In recent months, however, defense lawyers have begun to complain that the trend has gone too far. They say people who once were sympathetic to the defense now may hold such strong views that they are disqualified from sitting on a jury.
“What you shall reap, you shall sow,” said one prominent defense lawyer who asked to remain anonymous. ” I see a little bit of irony there. The tort reformers are so anxious to make sure we don’t have frivolous lawsuits that now they are seeing some of their jurors go bye-bye.”
Richard Mithoff, a plaintiff’s attorney who has been suing on behalf of injured people for about 30 years, agreed.
“I think the rhetoric has, in many ways, backfired,” Mithoff said. “It has allowed us to address these things more out in the open and find out what these people’s views are.”
George Shipley, a Houston lawyer who represents large companies, said jurors haven’t become more political, just more vocal. Often, he said, that can help the defense, too.
“The flip side is, it helps us find the people who have reservations and concerns about corporations because of things like Enron and other scandals,” he said. “They are more likely to speak up.”
Jurors speaking up forced Ray to start again this week, this time calling in a pool of 125 people. The lawsuit targeted drug manufacturer Wyeth-Ayerst Laboratories, which makes the controversial drug fen-phen.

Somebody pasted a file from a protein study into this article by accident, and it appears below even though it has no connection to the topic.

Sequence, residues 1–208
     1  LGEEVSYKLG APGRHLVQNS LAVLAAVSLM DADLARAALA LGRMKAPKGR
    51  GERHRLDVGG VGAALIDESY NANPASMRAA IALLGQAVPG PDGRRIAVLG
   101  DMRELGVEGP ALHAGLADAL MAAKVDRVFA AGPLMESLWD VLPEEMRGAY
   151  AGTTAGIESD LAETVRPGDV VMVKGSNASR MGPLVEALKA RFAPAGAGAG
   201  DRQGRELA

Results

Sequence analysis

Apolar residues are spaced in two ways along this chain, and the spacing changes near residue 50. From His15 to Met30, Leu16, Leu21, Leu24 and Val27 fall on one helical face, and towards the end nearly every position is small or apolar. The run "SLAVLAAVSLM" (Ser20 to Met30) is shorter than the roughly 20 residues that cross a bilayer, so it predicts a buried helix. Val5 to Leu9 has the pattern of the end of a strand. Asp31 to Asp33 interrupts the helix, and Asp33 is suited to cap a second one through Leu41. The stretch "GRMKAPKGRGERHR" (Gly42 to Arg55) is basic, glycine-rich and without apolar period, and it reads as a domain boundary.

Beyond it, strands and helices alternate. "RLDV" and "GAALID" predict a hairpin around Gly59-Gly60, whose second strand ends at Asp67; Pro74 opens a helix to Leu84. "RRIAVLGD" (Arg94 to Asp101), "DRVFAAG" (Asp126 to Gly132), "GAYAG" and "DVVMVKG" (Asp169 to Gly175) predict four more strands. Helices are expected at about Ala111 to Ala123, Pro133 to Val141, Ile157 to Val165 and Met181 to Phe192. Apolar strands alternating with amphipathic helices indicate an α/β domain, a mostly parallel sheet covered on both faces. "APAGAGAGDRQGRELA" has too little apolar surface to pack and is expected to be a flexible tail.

Lawyers for the woman, Judy Davis of Houston, and for the drug company reached a confidential settlement Tuesday before a final jury was selected.
Judges and attorneys may be excluding more people from each end of the political spectrum, but most lawyers agree that the juries remain fair and impartial.
“I think that most jurors try their very hardest to base their decisions on the facts and the evidence that they hear and the law the judge instructs them on, and ultimately decide who is telling the truth,” said Maria Boyce, head of the trial division at Houston’s Baker & Botts law firm.
Showing up for jury duty this week, George Robertson, a 65-year-old retired electrician from Pasadena, said he was leery of big lawsuits but would wait until he heard the facts.
“I don’t think people should get a whole bunch, not a million dollars. They shouldn’t take advantage of the situation,” he said. “But it really depends on the case.”